The binding that's part of the WSDL spec is not meant to be complete. For example, SOAP can be bound to any number of protocols other than HTTP. This may require extensions to the SOAP binding that's presented with the WSDL spec.

What follows is a quick review of the SOAP extensibility elements. Instead of showing schema fragments to define the elements, I've borrowed a shorthand notation from the WSDL spec that uses regular expression syntax. The symbol "?" behind an element or attribute stands for zero or one occurrence; in other words, it makes the element or attribute optional. The symbol "*" denotes zero or more occurrences (see Listing 4).

We already saw an example of a SOAP binding. The purpose of the soap:binding element is to identify that the binding is to SOAP 1.1 and, via the transport attribute, to identify the transport that will be used with SOAP. Only HTTP has a value defined by the standard for now. The style attribute defines the default style for all operations in the binding.

The soap:operation element is used to define two things: the value of the SOAPAction header if HTTP is used and the style of the operation - document or RPC. Messages in document-oriented operations carry documents while those in RPC-oriented operations carry parameters and return values. The distinction is important in terms of parameter ordering.

The soap:body element specifies how message parts are included as part of the SOAP body element. The optional parts attribute determines which parts appear in the body. If it's omitted, all parts will appear in the body. The use attribute specifies whether the types passed through the message are abstract (and should therefore be encoded using a particular encoding style) or whether they reference a concrete schema (and can therefore be included literally in the SOAP body).

The soap:fault element specifies the contents of the SOAP fault details element that can be used to transmit additional error handling information. It follows the same rules as the soap:body element above.

The soap:header element allows headers to be defined as part of the SOAP messages. The element attribute refers to a concrete schema for the header element to be included in the SOAP message. The optional fault attribute defines a concrete schema for the header that's returned in case there's an error pertaining to header processing. (SOAP mandates that information related to errors in headers must be returned in headers.) The schemas can include definitions for soap:action, soap:mustUnderstand, and soap:encodingStyle.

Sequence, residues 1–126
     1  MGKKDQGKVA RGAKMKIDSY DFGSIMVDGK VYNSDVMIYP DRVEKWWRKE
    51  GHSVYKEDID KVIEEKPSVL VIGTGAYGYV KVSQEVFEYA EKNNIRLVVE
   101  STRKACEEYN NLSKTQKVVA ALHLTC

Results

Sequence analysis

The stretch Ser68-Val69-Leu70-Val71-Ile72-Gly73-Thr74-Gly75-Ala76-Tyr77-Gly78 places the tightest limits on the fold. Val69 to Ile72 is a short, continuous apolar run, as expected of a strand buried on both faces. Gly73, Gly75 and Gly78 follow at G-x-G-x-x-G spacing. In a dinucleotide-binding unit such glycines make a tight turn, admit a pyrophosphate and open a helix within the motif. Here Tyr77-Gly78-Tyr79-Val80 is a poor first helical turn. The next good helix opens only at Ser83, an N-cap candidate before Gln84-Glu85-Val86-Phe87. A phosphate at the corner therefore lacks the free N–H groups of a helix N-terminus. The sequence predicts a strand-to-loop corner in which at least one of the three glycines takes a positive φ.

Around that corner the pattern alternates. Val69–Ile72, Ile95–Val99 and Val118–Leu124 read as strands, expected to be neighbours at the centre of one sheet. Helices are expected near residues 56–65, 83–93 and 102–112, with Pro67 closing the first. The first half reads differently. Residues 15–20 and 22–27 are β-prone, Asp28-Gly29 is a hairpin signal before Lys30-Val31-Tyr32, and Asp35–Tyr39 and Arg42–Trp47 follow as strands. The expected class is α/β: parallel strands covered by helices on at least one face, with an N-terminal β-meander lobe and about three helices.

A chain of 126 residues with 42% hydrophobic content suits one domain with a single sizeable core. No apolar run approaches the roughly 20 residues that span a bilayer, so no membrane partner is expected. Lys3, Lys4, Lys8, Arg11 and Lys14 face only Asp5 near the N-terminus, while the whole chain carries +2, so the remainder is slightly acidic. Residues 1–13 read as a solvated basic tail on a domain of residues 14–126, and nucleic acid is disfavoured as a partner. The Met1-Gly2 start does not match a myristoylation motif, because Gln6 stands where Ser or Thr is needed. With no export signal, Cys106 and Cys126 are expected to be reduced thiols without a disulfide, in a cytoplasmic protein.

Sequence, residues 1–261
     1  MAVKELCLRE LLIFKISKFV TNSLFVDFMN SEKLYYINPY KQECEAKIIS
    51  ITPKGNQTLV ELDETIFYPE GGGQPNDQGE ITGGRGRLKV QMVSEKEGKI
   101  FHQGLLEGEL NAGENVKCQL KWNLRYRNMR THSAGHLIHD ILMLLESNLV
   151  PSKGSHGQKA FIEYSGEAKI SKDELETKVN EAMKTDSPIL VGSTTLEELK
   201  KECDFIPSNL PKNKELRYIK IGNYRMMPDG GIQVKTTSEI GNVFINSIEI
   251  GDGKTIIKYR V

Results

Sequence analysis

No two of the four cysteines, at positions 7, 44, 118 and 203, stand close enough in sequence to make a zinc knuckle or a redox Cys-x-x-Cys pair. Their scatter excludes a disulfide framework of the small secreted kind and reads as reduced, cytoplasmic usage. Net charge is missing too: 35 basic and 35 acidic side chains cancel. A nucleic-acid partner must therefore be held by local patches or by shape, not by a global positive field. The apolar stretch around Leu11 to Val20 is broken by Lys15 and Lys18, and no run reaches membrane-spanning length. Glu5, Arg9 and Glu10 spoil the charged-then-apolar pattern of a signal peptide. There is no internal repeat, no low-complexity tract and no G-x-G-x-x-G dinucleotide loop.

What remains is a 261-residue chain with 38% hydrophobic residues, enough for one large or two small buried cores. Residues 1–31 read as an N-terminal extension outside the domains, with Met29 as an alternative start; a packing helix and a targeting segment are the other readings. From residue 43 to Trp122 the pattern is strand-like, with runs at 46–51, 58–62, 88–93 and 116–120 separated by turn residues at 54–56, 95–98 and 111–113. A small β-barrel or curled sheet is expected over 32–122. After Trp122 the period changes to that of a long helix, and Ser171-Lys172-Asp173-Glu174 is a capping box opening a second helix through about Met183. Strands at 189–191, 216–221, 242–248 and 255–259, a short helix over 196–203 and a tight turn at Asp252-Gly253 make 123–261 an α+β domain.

Finally, soap:address provides a URI where a SOAP binding can be accessed.

HTTP Binding
WSDL includes a binding to HTTP 1.1 GET and POST operations. The following is a simple example of three HTTP bindings for a sample company information service. The input is a company ticker symbol. The output is defined in the next section. Listing 5 shows three different HTTP bindings that will be requested in the three different types of HTTP requests being made.

The first binding specifies URL encoding. In this case all message parts are put in a name-value format on the query string, for example, HTTP GET to ".../GetCompanyInfo?symbol=ALLR".

The second binding specifies URL replacement. In this case, the location URL is treated as a pattern in which all part names surrounded by parentheses are replaced with the URL-encoded values of the parts, for example, HTTP GET to ".../GetCompanyInfo/ALLR".

The third binding specifies an HTTP POST to "/GetCompanyInfo" in which all parts are passed through as MIME application/x-www-form-urlencoded, as if they were in a form field submitted by a browser, for example, HTTP POST to ".../CompanyInfo" with payload "symbol=ALLR".

MIME Binding
The MIME binding for WSDL defines a way to bind abstract types to MIME messages in the most common MIME formats: multipart/related (for mixed content), text/xml (the common case of XML), and application/x-www-form-urlencoded (HTML form submissions). Allowing custom content type strings supports other MIME types.

MIME binding extensibility elements can appear under the input and output WSDL elements. The following example shows a WSDL fragment defining an output message for the company information Web service in the MIME multipart/related format. The message consists of several parts: an XML document (some structured company information), an HTML company overview, and a company logo in either GIF or JPEG format (more than one MIME content type for a given part are treated as alternatives). Note that the SOAP extensibility element soap:body can be mixed in with the MIME extensibility elements to specify that a SOAP message is part of the MIME packet.

<output>
<mime:multipartRelated>
<mime:part>
<mime:mimeXml
part="info"/>
</mime:part>
<mime:part>
<mime:content part="docs"
type="text/html"/>
</mime:part>
<mime:part>
<mime:content part="logo"
type="image/gif"/>
<mime:content part="logo"
type="image/jpeg"/>
</mime:part>
</mime:multipartRelated>
</output>
This is pretty much all there is to WSDL. True, I skipped some details about authoring modular WSDL specifications and I didn't delve into the intricacies of RPC-oriented versus document-oriented messages. Nor did I discuss the strategies and rules for encoding abstract types. That's what the spec is for. We don't have time to hang around here any more. The higher levels of the Web service interoperability stack await us. In the next XML in Transit we'll build a conceptual framework for using Web services.

More Stories By Simeon Simeonov

Simeon Simeonov is CEO of FastIgnite, where he invests in and advises startups. He was chief architect or CTO at companies such as Allaire, Macromedia, Better Advertising and Thing Labs. He blogs at blog.simeonov.com, tweets as @simeons and lives in the Greater Boston area with his wife, son and an adopted dog named Tye.